Ultimately, these personality tests aim to help a company hire a specific type of person for a job that might require particular traits. Conversely, they can be used to rule out traits that are likely to lead to job failure. Companies understand that the right personality fit is a critical criteria for good performance. Getting that fit right reduces turnover costs required to recruit and train each professional. It is possible to reduce turnover up to 50% with the right pre-employment assessment. As a result, companies are using them to screen candidates as they apply; candidates won't even get an interview unless they reach a certain score or result.


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Can Big Company Executives Succeed in a Start-Up?
Management Issues, August 20

Even candidates with a stellar track record at large and highly respected companies may flounder once they move to a smaller start-up company. While the pedigree and high profile of an established industry veteran could give a young company instant credibility and help open doors with potential clients and partners, this is not always the case. Some executives struggle without support around them. They add unnecessary bureaucracy, spend too much money, and avoid getting involved in the details. In short, many star players at big companies wilt in a small company where they have finite resources and little or no supporting infrastructure. With that in mind, the article outlines the positive and negative traits to keep any eye on when hiring top candidates from big companies for smaller start-up roles.

Positive traits to look for in big company executives include passion, an ability to overcome failure, and being a team player. These candidates should also be frustrated by bureaucracy and the glacial pace of change at big companies. They have high energy and want to work in an innovative environment where they can get something done and create something new. Good start-up executive candidates are comfortable with risk and the threat of failure. They know that if things don't work out they can pick themselves up and move on. The best candidates are team players who don't need perks or lots of subordinates to feel validated. They focus on results and work well with their peers, team leaders and employees. They also understand the business model and how to interact with team members, investors and board members.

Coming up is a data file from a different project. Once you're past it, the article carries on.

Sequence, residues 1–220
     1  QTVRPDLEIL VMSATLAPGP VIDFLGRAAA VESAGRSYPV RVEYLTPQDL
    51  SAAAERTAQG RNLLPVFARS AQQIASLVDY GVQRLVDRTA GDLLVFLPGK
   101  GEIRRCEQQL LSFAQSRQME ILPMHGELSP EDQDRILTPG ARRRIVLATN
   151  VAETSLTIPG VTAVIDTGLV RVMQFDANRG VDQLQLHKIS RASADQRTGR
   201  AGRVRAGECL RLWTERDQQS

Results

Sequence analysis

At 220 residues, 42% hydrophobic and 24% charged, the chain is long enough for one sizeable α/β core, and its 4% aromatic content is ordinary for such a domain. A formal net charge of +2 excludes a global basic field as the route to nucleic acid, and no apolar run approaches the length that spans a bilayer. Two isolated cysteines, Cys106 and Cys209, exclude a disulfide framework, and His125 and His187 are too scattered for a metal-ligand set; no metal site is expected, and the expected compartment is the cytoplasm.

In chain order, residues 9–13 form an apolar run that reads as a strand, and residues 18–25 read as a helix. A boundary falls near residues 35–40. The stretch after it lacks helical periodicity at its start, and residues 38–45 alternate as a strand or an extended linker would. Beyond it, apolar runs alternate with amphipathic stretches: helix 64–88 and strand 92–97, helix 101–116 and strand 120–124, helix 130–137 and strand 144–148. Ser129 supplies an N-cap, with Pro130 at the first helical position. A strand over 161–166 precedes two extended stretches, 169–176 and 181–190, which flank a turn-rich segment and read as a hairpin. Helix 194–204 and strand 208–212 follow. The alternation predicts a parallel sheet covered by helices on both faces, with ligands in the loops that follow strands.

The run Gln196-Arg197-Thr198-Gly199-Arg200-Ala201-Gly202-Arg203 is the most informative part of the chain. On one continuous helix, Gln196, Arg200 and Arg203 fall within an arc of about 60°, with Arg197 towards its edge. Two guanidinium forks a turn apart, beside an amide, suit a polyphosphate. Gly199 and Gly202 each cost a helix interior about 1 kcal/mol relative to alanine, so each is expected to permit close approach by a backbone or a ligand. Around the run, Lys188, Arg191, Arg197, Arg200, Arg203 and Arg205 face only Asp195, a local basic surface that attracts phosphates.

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Confidence Gap for New Profs
MentorNet News (via Inside Higher Ed), September 2008

Most new Ph.D.'s arrive at their first faculty jobs with a feeling that they were inadequately prepared in graduate school for teaching undergraduates and conducting research. According to a new national study of faculty members in their first five years on the job, the percentage of recent graduates feeling well prepared rises rapidly as young professors apparently pick up the knowledge on the job. Both straight out of grad school and after a few years on the job, men are more confident of their abilities than women are. Overall, the findings suggest that graduate schools must do more to address issues related to compensation, job satisfaction and academic preparation.

Those responding generally didn't feel very effectively prepared for their first jobs. In fact, many new faculty members appear to be relying on "on the job training" to learn how to be a professor. Some graduate schools have recognized this problem and have put into place specific partnerships with community colleges, four-year undergraduate colleges and other types of institutions so that doctoral students learn how to teach at those institutions. Moreover, the trend of people earning significant dollars from outside sources suggests that nobody is happy with how much they’re being paid. Given the aging demographic patterns, the survey suggests that colleges would do well to focus both on salary issues and on work/life balance issues and re-think outdated stereotypes about faculty teaching.